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Collective Liberation Appears in the Cracks
despite what's happening in the news
While I’m slowly stirring the cauldron that is brewing my next post from the fractured memoir, I decided that while we wait for what wants to emerge, that it would be good to share some things that are helping me navigate this time
My food forest refuge, July 2023 with my feline companion, Avi.
I listen to podcasts a lot while I water the garden and do household chores. It’s one of my grief navigation tools. Some of the podcasts have been elevating, giving me lots of strength and a sense of possibility in a time when many are avoiding the PTSD of the last few years. Because I am carrying so much at the moment, I am very discerning about what I listen to and read, so take these recommendations with that in mind.
The two podcasts I’ve shared below are examples of “emergent strategy” tools - they provide visions of collective liberation (new ways of conceiving the latter) that many of us might not encounter in our daily media consumption.
Báyò is a fascinating thinker. I’ve been encountering his voice and ideas in many online spaces in the past few years, and I’m refreshed by his stories. Naomi is unafraid to share her despair about what she’s observing. Yuria brings an ancient knowing to the table.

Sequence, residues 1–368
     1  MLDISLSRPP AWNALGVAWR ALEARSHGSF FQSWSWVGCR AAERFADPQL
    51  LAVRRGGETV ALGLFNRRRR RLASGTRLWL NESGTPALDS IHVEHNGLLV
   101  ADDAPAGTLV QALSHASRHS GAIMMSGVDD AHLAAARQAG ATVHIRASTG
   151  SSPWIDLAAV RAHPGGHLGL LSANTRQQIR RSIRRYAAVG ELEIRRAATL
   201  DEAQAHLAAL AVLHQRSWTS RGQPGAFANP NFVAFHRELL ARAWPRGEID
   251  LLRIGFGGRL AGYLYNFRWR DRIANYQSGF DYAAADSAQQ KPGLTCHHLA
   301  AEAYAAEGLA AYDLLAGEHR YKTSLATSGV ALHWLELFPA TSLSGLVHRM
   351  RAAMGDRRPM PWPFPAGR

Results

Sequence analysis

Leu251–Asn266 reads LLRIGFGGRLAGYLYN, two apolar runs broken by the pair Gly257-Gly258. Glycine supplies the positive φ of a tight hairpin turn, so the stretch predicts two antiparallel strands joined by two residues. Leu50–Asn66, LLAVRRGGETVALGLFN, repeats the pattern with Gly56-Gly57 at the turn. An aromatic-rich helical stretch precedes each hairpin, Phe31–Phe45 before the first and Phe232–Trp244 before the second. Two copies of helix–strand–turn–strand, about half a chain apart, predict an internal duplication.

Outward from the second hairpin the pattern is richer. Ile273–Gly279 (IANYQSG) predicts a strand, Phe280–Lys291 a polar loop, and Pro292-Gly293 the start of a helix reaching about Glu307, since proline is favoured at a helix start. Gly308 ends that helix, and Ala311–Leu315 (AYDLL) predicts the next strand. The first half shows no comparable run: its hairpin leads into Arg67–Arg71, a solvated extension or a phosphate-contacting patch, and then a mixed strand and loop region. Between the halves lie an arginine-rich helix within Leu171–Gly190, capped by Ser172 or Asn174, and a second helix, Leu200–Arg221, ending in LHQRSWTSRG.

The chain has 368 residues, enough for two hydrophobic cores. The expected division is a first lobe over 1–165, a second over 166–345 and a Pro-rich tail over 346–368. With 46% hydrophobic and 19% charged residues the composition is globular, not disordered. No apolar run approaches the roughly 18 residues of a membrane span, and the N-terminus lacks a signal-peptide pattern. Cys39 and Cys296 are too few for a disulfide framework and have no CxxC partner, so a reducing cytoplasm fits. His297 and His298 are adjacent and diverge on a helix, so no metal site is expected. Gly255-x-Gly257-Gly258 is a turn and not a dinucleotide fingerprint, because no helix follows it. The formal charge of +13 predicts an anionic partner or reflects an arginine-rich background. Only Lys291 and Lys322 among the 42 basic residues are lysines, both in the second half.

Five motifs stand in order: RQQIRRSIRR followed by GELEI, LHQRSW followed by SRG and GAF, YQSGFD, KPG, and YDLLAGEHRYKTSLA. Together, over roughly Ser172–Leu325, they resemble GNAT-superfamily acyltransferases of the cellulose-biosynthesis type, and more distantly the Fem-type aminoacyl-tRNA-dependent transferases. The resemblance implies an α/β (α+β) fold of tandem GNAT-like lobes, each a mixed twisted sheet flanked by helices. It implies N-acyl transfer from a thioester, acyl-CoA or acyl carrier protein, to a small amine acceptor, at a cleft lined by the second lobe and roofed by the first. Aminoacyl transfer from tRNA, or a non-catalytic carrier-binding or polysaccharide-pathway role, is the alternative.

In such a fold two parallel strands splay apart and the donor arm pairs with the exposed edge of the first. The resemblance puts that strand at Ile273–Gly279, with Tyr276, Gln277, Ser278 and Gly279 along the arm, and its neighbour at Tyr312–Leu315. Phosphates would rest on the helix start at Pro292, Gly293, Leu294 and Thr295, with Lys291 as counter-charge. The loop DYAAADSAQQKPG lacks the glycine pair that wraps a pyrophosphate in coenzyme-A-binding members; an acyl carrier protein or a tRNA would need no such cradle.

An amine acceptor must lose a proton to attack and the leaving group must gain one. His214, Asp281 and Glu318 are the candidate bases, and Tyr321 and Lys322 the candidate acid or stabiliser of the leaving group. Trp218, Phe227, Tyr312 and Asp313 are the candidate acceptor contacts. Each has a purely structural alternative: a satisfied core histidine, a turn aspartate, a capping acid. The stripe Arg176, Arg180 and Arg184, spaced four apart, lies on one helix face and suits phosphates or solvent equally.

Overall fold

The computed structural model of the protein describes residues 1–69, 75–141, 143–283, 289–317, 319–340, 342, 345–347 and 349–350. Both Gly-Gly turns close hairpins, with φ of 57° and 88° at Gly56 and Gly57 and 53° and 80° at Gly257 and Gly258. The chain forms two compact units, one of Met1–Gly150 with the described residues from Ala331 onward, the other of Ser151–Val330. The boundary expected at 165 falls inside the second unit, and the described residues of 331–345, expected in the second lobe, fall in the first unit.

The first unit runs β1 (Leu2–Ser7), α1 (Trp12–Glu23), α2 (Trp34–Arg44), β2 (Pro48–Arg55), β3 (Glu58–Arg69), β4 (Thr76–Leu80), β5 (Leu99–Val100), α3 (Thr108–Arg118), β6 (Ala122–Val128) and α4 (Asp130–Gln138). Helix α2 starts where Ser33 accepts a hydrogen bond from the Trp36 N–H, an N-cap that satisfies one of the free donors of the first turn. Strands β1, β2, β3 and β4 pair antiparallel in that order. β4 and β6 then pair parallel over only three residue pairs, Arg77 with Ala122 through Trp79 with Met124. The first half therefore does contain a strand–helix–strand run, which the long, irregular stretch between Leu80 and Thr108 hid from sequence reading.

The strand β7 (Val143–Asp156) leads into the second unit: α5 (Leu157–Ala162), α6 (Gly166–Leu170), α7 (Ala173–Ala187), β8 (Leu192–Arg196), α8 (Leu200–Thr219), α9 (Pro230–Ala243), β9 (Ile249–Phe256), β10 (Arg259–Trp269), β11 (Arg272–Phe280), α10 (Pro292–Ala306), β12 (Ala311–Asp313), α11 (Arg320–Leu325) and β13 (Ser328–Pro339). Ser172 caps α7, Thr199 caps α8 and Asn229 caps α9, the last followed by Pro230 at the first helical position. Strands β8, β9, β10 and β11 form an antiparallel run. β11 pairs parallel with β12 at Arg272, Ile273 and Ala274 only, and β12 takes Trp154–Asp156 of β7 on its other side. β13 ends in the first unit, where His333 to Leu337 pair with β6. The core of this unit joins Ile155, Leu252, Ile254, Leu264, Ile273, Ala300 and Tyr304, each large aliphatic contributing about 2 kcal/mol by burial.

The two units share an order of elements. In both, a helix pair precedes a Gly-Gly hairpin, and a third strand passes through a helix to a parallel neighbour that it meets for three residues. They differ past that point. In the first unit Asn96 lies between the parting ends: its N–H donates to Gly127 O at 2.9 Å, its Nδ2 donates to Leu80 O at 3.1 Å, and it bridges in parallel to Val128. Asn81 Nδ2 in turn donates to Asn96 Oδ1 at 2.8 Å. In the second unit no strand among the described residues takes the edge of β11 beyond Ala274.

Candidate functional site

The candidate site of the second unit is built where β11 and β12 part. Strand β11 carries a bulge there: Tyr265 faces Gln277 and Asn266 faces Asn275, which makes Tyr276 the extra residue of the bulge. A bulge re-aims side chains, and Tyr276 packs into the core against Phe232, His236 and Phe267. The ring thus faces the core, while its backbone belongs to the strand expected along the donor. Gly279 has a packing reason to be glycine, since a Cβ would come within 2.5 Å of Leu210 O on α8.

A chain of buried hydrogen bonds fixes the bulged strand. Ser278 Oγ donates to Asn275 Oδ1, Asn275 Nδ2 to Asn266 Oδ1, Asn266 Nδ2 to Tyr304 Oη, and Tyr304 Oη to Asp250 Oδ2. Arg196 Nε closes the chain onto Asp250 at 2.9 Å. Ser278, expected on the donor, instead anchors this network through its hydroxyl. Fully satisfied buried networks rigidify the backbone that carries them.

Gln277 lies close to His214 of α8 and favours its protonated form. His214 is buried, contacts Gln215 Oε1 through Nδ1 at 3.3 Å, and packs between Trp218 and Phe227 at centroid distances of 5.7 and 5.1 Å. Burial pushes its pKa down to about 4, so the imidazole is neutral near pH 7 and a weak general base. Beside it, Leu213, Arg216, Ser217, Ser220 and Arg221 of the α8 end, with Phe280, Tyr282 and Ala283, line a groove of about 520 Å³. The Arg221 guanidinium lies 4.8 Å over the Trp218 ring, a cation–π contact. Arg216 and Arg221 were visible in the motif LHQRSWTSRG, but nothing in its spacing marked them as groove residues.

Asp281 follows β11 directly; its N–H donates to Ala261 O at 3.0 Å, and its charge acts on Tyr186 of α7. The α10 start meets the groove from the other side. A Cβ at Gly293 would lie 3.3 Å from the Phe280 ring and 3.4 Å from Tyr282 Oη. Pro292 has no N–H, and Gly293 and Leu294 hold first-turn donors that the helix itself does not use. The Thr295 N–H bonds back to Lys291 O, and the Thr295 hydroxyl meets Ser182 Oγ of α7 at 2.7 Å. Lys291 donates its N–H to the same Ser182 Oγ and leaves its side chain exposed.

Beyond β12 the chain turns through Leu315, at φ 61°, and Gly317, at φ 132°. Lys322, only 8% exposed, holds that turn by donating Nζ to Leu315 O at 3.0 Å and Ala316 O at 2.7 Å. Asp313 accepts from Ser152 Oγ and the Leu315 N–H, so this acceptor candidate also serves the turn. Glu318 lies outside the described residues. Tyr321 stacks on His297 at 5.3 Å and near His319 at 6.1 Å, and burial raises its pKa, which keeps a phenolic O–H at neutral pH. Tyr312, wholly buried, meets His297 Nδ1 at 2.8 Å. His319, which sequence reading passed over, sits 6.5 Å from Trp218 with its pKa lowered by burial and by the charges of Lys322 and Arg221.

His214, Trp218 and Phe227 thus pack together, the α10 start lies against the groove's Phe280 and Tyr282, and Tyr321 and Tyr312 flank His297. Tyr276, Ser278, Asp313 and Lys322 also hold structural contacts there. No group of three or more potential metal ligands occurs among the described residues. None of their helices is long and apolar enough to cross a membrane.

Green Dreamer is dense with amazing interviews of people you will not read about in the mainstream, but whose work is essential medicine or offers deep insight into the crisis we sit inside. The interviewer, whose name I’m blanking, is remarkably articulate and thoughtful. I would take a look at other episodes to see what might interest you.
I’m restraining myself from overloading you, the reader, with too many resources at once. I listen to about a dozen different podcasts regularly, but not more than 1 or 2 per day. Since I am not learning from students at the moment, I have found this form of intellectual/emotional stimulation essential to my well being. In the future, I will share some stellar podcasts that combine spiritual tools with activist ones…they’re unexpectedly rich and necessary for this time.
The cauldron of my fractured memoir will continue to stir in the coming days. Hopefully, by next week, “Brooklyn (Part 3)” will feel sufficiently cooked to share with you. You can anticipate some discussion about shifting pathways for an art practice in relation to the critical issues of that particular time and how it weaves together with this time. But, before I share more, I'll leave you with what my former student and dear friend, Chris Karl, calls a “cliff hanger.”